I do wish you all the best and please let us know how you're doing if you wish by adding a note to this thread. We do care.
Sending you a big hug from Michigan ( ),
PS: I do hope you have a supportive family member or friend to be with you during the biopsy and after. As japdip said, it's very common to miss what's being said to you when you're under so much stress.
Well, well, well. To start, I'd like to thank you for your kind words of support. I did go for my biopsies today. The two areas they biopsied of my breast were each very different. The lateral was relatively quick and only mildly uncomfortable. The second was taken via the 6 o'clock point of tbe areola and down. It was excruciating regardless of the lidocaine and epi. Due to the vascularity of that site the bleeding wouldn't stop easily and I developed a deep hematoma. The MD showed me all of the tissue taken from my breast and I was amazed. "Just need to be sure we have as much of the microcalcifications as possible." I must say, though, the edema and firmness it has is pretty flattering! Too bad it is covered with bruises, steri strips, and bandaids. The lymph node biopsies went smoothly.
After all was done, the physician took the time to show me, with great detail, the reason for their concerns and what they believe it is. DCIS. Apparently the microcalcifications are in text book display regarding morphology. The only question that she really has is whether or not it is invasive. I should find out the final results tomorrow or Friday. In the mean time, I'm sporting a lovely cold pack under my sports bra and taking oxycodone for the hematoma and nerve pain.
Thank you again for your support during this time of fear, sleeplessness, and uncertainty. It is so greatly appreciated.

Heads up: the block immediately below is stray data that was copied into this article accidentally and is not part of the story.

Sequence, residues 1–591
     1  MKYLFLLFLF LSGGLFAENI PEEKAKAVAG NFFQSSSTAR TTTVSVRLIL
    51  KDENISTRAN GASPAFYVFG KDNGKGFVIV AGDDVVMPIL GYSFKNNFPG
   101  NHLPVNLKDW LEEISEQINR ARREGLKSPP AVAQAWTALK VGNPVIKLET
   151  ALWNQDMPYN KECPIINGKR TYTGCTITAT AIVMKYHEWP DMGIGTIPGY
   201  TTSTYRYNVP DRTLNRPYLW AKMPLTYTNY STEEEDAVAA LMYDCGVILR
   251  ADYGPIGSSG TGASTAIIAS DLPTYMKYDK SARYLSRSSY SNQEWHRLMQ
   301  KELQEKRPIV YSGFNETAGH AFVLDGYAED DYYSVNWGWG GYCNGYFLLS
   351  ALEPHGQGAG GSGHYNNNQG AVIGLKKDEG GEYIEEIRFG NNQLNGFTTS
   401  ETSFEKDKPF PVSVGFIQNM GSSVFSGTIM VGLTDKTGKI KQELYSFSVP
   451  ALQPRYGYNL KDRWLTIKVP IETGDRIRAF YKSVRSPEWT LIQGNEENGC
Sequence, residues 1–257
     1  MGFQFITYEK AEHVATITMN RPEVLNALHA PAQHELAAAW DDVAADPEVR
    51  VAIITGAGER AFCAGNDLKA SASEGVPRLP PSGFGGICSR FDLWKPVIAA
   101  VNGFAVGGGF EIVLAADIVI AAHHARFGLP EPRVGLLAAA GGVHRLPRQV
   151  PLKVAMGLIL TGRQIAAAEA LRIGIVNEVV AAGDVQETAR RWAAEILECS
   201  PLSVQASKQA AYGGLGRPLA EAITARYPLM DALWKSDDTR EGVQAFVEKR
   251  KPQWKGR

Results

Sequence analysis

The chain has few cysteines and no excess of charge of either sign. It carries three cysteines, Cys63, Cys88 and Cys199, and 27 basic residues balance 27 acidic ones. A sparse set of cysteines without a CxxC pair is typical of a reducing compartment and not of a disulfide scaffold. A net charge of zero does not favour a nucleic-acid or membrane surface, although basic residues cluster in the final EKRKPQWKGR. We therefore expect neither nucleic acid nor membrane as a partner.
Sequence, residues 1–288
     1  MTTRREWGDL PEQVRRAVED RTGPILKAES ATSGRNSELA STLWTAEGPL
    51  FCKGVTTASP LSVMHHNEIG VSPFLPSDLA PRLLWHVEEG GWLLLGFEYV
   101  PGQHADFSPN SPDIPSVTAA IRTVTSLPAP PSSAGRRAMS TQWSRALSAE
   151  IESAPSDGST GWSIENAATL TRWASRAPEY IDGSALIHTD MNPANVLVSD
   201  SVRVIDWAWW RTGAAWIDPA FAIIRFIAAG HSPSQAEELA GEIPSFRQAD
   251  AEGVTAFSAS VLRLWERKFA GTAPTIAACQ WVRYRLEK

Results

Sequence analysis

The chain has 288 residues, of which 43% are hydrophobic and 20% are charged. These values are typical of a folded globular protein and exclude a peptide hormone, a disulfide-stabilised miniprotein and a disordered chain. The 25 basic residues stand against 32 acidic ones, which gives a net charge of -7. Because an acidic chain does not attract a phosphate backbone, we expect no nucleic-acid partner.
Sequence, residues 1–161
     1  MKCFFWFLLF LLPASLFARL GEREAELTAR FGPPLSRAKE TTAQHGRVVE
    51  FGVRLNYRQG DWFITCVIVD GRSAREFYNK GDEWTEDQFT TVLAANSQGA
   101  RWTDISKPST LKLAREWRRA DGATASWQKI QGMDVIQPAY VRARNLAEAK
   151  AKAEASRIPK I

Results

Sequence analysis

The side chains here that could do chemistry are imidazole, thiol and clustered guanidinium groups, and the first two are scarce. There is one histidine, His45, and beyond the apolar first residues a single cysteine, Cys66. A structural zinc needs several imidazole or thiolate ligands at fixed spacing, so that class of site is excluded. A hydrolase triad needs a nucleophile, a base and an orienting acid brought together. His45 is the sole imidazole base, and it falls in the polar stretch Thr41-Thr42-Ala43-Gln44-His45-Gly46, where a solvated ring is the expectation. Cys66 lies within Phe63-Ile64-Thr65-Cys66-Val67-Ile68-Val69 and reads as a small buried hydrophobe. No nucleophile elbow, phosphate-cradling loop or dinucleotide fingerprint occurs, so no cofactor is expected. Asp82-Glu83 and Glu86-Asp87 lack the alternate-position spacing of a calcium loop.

Glad that's over ... enjoy that ice pack, it really helps. Sounds like you received a good explanation which I'm sure was of some comfort to you. You will get all your answers when you receive the Path. report on the specimens taken. Hoping for the BEST when you do hear. Take care ....
I must say, I had never expected to feel such appreciation from a stranger's post on a forum. I liken this to a group therapy of sorts... perhaps an alternative social media like Facebook. I haven't told many people in my life what has been happening. Only parents, siblings, and spouse. I don't want to worry anyone needlessly, regardless of my ongoing nervousness, - especially if all turns out benign.
I do know that I will be doing more in the future to help support those that find themselves in a situation like this by listening, sharing my experiences, donations for research, and a great deal more. I've actually been entertaining the idea of switching from cardiology to work in the breast clinic. I've also thought about some volunteer work to assist in making mammograms more accessible to those that wouldn't otherwise be able to have one.
So many ideas, but first things first: hear from pathology then move on to step two - whatever that may be.
Have a good night! I'm off to bed and think I may actually sleep for the first time in several days!
Your comments make it all worthwhile for us here and we appreciate that more than you can imagine. May I say that having folks like you come back later to share is what makes us THE COMMUNITY :) At least that's the way we feel about our little group. I wish you the very best with your results but no matter what I know you will be able to deal with it ... we women are a strong bunch when we're challenged. Glad we could help ... rest well :)